JAIC 2003, Volume 42, Number 3, Article 4 (pp. 419 to 424)
JAIC online
Journal of the American Institute for Conservation
JAIC 2003, Volume 42, Number 3, Article 4 (pp. 419 to 424)




Cunningham, R.1890. Substitute process: The wax process. Unpublished manuscript. Graphic Arts Collection, National Museum of American History, Smithsonian Institution, Washington, D. C.

Encyclop�dia Britannica. 2001. www.eb.com (accessed 11/7/01).

Gascoigne, B.1986. How to identify prints. New York: Thames and Hudson.

Haas, P. S.2001. Personal communication. Former employee of Haas Wax Engraving, Buffalo, N. Y.

Hackleman, C.1921. Commercial engraving and printing: A manual of practical instruction and reference covering commercial illustrating and printing by all processes. Indianapolis: Commercial Engraving Publishing Co.

Harris, E. M.1968. Experimental graphic processes in England,1800–1859. Journal of the Printing Historical Society4:33–86.

Inland Printer. 1922. Wax process engraving. Inland Printer68 (February): 1.

Kubiak, R.1978. George Cruikshank, printmaker (1792–1878): Selections from the Richard Volger Collection. Santa Barbara, Calif.: Santa Barbara Museum.

Morse, S.1842. Cerographic atlas of the United States. NewYork: Morse.

Palmer, E.1843. Glyphography; or, Engraved drawing, for printing at the type press after the manner of woodcuts. 2d ed.London: privately printed.

Poates, L. L.1913. Poates wax engraving superiority: For maps, charts and diagrams, mechanical and scientific illustrations, commercial headings and ruled forms. 2d ed.London: S&J Bentley, Wilson and Fley.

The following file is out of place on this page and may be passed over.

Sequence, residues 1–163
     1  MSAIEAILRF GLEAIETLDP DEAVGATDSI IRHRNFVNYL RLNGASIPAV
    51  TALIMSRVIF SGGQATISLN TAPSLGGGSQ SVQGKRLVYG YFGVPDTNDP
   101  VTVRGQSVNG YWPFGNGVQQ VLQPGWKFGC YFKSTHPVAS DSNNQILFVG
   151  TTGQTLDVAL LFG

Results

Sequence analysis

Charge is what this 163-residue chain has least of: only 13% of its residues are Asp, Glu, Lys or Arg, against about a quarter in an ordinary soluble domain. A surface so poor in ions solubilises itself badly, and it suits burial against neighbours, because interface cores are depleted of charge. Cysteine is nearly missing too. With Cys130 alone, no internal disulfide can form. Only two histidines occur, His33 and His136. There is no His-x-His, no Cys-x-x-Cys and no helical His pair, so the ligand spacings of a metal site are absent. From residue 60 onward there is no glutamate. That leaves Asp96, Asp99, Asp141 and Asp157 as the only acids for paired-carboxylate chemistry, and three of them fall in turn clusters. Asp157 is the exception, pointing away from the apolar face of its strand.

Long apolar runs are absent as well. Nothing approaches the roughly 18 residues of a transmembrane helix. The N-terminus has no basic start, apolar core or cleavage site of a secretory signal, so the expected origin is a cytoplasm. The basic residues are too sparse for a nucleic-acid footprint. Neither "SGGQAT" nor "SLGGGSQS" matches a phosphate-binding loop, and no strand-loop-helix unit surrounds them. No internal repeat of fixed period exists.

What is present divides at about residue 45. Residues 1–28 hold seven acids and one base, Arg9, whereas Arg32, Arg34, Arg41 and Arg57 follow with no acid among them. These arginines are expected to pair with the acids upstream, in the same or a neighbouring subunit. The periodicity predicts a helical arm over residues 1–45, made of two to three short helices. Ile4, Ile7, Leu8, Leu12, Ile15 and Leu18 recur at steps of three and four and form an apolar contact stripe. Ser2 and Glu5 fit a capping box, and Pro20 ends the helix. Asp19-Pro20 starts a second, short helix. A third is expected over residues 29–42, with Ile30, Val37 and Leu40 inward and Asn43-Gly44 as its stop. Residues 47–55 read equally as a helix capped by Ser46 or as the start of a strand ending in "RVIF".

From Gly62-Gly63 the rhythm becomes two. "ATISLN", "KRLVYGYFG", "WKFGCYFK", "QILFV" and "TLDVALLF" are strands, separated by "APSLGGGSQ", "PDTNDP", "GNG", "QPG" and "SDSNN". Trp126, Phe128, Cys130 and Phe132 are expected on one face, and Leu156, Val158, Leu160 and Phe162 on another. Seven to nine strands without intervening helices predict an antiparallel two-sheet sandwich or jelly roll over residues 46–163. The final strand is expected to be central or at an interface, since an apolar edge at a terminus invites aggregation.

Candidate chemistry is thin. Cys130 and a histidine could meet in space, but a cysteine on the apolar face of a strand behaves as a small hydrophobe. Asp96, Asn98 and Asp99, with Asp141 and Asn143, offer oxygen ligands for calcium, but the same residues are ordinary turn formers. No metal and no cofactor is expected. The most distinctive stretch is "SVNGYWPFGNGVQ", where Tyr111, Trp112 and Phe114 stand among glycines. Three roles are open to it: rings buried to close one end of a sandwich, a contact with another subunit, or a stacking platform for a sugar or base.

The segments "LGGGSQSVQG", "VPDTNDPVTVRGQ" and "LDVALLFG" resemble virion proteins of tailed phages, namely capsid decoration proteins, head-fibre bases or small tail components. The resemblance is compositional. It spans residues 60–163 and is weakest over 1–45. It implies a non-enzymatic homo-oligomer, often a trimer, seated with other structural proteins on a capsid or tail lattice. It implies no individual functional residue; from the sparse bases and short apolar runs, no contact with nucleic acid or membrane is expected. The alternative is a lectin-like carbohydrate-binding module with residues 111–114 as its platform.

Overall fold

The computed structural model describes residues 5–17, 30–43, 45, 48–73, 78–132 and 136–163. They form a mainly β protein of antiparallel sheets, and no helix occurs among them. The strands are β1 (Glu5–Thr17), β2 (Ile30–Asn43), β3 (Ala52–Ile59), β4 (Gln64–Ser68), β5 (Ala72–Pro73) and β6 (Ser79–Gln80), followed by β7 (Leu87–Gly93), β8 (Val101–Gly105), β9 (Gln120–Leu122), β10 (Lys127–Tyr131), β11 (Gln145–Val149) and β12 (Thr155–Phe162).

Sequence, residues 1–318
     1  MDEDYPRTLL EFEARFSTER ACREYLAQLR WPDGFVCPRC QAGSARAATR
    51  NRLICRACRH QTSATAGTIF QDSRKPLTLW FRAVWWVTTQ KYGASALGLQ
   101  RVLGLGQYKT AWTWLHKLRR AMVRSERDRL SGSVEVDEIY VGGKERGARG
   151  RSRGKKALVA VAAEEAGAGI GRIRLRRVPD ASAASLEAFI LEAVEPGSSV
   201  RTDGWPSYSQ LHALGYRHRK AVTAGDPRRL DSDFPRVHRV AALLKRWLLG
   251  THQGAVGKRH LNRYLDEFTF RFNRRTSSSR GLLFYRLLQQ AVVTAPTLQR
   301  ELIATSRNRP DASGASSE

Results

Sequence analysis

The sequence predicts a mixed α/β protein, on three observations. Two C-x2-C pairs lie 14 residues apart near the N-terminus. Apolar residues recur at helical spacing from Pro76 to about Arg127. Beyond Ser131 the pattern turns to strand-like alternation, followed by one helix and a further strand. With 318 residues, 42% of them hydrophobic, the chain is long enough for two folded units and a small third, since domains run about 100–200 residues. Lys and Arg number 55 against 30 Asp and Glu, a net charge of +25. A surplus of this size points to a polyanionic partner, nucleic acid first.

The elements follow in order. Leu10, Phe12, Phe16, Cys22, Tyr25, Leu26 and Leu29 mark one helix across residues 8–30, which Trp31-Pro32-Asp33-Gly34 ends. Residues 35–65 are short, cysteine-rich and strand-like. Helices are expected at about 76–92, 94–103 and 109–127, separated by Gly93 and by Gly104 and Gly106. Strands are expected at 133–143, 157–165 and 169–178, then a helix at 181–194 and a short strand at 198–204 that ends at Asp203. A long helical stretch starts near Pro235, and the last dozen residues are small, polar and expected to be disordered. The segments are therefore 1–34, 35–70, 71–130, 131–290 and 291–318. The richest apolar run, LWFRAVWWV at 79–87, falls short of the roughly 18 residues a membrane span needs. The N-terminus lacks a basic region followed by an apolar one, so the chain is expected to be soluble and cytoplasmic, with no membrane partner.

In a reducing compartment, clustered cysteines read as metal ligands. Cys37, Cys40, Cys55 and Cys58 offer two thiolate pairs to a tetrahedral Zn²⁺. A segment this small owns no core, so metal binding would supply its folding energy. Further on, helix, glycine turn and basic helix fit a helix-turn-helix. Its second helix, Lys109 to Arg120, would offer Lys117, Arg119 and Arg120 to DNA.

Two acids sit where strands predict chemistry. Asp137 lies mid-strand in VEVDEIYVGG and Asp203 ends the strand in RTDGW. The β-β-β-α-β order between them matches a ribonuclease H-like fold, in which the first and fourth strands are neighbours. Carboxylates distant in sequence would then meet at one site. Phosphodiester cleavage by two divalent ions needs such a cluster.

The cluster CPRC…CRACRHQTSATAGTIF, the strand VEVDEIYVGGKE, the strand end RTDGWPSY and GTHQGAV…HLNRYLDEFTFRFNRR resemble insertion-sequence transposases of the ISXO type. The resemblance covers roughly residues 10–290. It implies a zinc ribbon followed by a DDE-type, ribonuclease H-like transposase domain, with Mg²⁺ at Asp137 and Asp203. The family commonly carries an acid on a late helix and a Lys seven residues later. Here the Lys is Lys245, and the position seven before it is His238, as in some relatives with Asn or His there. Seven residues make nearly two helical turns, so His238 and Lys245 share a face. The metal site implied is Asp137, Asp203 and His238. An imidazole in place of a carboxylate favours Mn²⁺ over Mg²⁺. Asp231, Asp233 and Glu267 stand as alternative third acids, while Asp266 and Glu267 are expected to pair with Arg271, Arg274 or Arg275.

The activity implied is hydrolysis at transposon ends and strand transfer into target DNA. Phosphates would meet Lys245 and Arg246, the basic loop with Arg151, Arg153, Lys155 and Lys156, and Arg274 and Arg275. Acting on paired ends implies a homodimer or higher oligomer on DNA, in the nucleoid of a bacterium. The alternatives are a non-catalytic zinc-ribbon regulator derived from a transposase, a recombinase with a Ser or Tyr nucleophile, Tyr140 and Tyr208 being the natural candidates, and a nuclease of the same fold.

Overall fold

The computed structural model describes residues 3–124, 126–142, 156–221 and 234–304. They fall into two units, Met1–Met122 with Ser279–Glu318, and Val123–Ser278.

Robinson, A.1975. Mapmaking and map printing. In Five centuries of map printing, ed.DavidWoodward. Chicago and London: University of Chicago Press. 1–24.

Savage, W.[1841] 1966. A dictionary of the art of printing. Reprint, London: Gregg Press.

Woodward, D.1977. The all-American map: Wax engraving and its influence on cartography. Chicago and London: University of Chicago Press.

Woodward, D., ed.1987–present. The history of cartography. Chicago: University of Chicago Press.


NANCY PURINTON graduated with an M.S. degree in art conservation from the University of Delaware program at Winterthur. She had internships at Harvard University and the Los Angeles County Museum of Art, both of which resulted in published research. She was the curator of conservation at the Norton Simon Museum in Pasadena, California, and then moved to Philadelphia, where she became a senior paper conservator at the Conservation Center for Art and Historic Artifacts. Currently she is the paper conservator for the National Park Service at the Department of Conservation in Harpers Ferry, West Virginia. Address: National Park Service, Harpers Ferry Center, P.O. Box 50, Harpers Ferry, W. Va. 25425

Copyright � 2003 American Institution for Conservation of Historic & Artistic Works